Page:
Governor Juffa raises concern over cross-border

PORT MORESBY, 25 APRIL 2018 (POST COURIER) – Oro Province Governor Gary Juffa has raised concerns about transnational organised crimes that have devastating effects to the nation and called for urgent intervention by the Papua New Guinea government to address those crimes.

Juffa said Prime Minister Peter O’Neil has raised the issue of transnational organised crimes at the recent Commonwealth Heads of Government Meeting in London warning all nations of the dangers of transnational organized crimes that is, in fact, happening in PNG.

He said transnational organised crime is one of the most debilitating impediments to the progress of any economy.

It is such a serious issue the United Nations convention against transnational organised crime which was adopted via resolution by the UN General Assembly 15 November 2000. It came into force on September 29, 2003.

As of 2017, 189 nations have signed including 184 states.

Nine have not ratified it and Papua New Guinea is not one of them.

“It means that we are simply not serious about this issue that threatens our entire economy and future.”

He said State Agriculture Business Leases or SABLs and illegal logging and illegal fishing which are ongoing means that the government does not simply care about the threat or risk those crimes it poses for the country.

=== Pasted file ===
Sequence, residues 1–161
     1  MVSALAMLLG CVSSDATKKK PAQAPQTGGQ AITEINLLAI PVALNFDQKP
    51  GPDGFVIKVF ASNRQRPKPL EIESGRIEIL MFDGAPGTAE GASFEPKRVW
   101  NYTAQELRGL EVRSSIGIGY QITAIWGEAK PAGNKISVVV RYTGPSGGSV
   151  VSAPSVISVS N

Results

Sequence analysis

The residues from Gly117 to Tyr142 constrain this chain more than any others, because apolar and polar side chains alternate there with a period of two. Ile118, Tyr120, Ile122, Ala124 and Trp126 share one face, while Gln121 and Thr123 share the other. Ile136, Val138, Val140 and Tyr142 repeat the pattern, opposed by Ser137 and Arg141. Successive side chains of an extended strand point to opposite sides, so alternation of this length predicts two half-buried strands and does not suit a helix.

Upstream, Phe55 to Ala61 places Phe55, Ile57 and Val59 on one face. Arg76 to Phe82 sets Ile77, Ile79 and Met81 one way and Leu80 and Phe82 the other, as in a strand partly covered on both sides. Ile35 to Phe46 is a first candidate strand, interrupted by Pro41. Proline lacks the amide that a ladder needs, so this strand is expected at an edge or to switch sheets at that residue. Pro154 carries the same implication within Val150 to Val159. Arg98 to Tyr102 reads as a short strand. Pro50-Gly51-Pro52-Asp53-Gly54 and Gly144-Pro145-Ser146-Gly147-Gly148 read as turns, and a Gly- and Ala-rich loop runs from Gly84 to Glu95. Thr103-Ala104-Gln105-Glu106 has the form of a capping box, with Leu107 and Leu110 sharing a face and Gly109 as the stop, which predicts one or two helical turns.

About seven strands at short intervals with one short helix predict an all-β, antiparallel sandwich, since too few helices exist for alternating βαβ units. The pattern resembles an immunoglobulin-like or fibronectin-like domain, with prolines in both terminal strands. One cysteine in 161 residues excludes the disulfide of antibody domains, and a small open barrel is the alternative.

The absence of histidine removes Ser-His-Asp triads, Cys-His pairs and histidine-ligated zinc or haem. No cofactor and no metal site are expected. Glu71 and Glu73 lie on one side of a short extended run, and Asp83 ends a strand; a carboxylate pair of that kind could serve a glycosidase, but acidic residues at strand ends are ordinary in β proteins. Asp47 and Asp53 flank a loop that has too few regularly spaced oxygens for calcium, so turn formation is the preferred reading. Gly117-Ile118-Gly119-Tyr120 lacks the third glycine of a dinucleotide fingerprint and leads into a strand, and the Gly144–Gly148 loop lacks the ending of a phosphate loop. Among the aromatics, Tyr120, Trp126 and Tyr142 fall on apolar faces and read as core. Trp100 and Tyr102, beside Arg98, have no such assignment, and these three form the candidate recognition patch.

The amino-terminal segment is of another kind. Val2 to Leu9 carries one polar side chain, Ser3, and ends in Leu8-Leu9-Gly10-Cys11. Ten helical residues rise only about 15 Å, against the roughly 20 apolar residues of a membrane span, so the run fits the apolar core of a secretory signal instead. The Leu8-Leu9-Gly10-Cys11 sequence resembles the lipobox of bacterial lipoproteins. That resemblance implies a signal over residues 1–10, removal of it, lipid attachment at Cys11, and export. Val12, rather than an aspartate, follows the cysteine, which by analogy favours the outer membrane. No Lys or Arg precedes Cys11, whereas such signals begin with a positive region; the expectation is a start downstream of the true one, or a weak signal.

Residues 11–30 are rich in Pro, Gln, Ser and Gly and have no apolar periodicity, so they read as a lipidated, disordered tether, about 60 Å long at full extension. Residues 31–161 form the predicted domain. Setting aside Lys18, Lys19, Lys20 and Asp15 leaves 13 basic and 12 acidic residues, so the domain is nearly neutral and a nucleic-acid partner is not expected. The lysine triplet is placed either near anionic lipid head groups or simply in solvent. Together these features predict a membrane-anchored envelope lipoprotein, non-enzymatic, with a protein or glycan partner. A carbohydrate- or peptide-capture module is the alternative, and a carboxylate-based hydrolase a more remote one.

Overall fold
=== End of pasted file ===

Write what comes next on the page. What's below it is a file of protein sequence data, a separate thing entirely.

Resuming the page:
The recent re-entry into PNG by deported transnational criminal Kevin He Kai is an example of a nation in the grip of transnational crime.

He said the granting of citizenship of Interpol fugitive Djoko Tjandra by former minister Ano Pala is an example of a government that is pathetic to the dangers posed by transnational crimes.

Juffa said the failure to collect tax revenues from companies engaged in transnational crimes shows a weak resolve by the government in combating transnational crimes.

Meanwhile, the entities established to fight transnational crimes have all since been both disbanded and unfunded and the nation’s capacity to detect and combat those crime are at an all-time low or zero.

More Stories